OK, if not for myself, how about for God?

That’s the question I’m asked each year. It’s a good question It’s comforting to know a loving Father has a way of checking in. You see, I passed on the New Year’s resolution because I never could get my act together. It is hard to change. It’s hard to adopt new and better habits. The problem with the New Year’s resolution is that it has a set beginning. But there’s no end in sight except when you fail. Fail and fail again was my motto every year. Forever is a long time.

New Year’s day comes and goes and there I sit, stuck in my old ways, in search of a more reasonable approach. I ponder how I will tackle the things that need fixing in my life. Every corner I turn, there it is staring me in the face. In some ways, for me, denial is powerful. In an effort to convince myself that the problem really doesn’t exist, I’d strive to make things better. There would be numerous failed efforts – but at the very least, I was trying. That is, until I found good reason to simply give up and ask myself: Who are you really fooling?

Somewhere along the way, honesty resonated as a great attribute. And with that came my true confession. It’s good to admit your shortcomings. And while you’re at it, tell everyone. That way, expectations in that area would be lowered of you.

Justification of a shortcoming came next. Was the world judging me differently from God? How will my shortcomings play out in the future? And who do they really concern? On the grand scale, I had to wonder, just how short was I coming up? I concluded that it all depends on who is measuring success and to what end it serves.

There was a time in my career when I bought in big to the dress for success. I made sure that my black leather briefcase matched my black leather coat. When I showed up for my meetings, the papers were all in nice, neat piles, organized and well presented. My makeup was right, I wore the right colors and my clothes were neatly pressed. I appeared to have my act together. Some even commented that I was so organized. Boy, have I got them fooled, I thought.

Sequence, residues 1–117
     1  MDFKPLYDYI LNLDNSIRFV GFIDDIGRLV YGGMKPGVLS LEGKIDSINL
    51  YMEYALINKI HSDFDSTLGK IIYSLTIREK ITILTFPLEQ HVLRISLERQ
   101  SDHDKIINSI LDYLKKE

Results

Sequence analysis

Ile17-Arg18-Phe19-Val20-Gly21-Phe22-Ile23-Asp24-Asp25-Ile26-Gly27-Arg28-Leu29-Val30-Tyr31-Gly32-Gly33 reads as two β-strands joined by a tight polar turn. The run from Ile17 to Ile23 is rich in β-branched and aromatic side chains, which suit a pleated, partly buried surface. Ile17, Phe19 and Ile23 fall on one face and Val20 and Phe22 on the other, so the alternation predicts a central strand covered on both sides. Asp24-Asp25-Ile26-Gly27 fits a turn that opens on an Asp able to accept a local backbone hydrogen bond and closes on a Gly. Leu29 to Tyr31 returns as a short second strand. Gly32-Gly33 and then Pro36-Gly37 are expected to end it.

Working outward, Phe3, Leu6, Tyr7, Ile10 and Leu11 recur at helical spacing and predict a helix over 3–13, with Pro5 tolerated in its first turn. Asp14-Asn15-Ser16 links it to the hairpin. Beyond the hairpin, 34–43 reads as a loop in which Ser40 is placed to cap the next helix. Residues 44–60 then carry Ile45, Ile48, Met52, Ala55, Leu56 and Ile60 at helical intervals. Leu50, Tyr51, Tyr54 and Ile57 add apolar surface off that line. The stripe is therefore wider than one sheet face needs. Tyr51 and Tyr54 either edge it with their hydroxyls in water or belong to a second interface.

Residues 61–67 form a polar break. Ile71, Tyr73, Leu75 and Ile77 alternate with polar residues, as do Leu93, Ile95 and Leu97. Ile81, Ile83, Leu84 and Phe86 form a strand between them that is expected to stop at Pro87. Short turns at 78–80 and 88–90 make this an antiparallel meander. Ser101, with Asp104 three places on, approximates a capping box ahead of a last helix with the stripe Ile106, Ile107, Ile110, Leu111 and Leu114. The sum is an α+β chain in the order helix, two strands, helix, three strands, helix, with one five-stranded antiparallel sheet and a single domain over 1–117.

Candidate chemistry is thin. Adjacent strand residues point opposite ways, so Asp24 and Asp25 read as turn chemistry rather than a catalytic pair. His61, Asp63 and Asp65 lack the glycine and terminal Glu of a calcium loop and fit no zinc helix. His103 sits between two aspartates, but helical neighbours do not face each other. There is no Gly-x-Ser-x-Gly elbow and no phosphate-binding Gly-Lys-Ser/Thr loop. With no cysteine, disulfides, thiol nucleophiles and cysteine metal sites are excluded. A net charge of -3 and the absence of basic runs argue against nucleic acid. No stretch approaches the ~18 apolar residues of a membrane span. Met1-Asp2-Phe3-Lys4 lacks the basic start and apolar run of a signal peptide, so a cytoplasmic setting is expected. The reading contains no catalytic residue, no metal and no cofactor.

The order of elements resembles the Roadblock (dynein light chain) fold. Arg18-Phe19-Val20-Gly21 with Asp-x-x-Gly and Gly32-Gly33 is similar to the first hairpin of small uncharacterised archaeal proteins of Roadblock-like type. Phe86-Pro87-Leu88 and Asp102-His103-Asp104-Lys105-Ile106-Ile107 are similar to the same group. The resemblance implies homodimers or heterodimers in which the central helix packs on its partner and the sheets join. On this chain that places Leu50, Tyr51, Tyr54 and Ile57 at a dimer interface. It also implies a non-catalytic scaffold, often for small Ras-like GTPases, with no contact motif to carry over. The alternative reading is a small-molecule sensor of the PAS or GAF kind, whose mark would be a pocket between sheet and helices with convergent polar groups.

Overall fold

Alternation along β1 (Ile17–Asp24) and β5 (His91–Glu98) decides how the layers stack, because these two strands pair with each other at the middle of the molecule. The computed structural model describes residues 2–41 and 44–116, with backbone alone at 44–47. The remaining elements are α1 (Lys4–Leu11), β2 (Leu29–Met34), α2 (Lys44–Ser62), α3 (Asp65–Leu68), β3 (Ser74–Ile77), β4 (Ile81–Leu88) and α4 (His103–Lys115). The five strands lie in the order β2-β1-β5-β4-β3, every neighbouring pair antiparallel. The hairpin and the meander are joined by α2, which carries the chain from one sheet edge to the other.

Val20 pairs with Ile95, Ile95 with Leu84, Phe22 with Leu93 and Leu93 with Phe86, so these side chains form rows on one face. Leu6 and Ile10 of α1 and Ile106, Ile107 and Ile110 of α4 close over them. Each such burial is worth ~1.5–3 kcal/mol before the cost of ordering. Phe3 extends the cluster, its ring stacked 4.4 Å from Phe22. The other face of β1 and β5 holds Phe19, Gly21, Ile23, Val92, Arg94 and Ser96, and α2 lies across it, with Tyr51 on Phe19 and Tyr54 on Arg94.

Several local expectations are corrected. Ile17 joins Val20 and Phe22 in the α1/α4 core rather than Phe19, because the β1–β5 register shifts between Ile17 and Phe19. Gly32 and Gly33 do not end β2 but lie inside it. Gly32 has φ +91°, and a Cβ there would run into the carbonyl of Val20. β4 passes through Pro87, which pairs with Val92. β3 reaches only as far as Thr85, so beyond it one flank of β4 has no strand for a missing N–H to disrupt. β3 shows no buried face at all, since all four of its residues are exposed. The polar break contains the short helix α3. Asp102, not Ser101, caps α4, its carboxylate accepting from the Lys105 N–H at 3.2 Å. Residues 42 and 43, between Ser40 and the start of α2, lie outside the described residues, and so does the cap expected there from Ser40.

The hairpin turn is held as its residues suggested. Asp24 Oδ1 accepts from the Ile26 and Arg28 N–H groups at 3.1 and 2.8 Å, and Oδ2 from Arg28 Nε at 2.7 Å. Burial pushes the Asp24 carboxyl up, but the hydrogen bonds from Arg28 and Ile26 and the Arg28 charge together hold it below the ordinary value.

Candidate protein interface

What went on behind the scenes was a different story. Truth is, I’m naturally an unorganized mess. And these days, there’s no fooling anyone. I tell people, if you want it on a certain day, call me, because chances are good, I’ll forget. Who knows where that appointment book is, anyway? Reaching me by cell phone is hit or miss: Where is it? Is it charged? Do I really know how to retrieve voice mail? When the mail takes over the kitchen peninsula, a laundry basket serves as the catch-all fix for a quick cleanup. If it’s out of sight, it’s out of mind – until I must rummage through for that important piece of mail that I’m missing. Then there’s the daily challenge to find a pair socks; mine, someone else’s, I don’t care, as long as they match.

Keep this up, and no doubt, I’m a prime target for those professional organizers, the Blackberry salesman and perhaps one of those closet or office organizing systems. By worldly measures, surely this would put me back on track, and solve all my problems. At the very least, surely, I’ll appear organized.

Perhaps there’s another solution. The less you have, the easier it is to manage. Maybe it’s time for some spring cleaning. The season of Lent may be the way to get the job done. Unlike the New Year’s resolution, the 40 days of Lent has a beginning and an end. Better yet, it puts me in touch with the biggest expert of all: God. A season of prayer, sacrifice and almsgiving may be the answer, and Lord knows I need all the help I can get. Clean out the house and donate to the poor. Cleanliness is Godliness – if not for me, I’ll do it for God.

Can I do this in 40 days? God only knows. I hear he’s patient, and I’m sure he isn’t finished with me yet. Time will tell.

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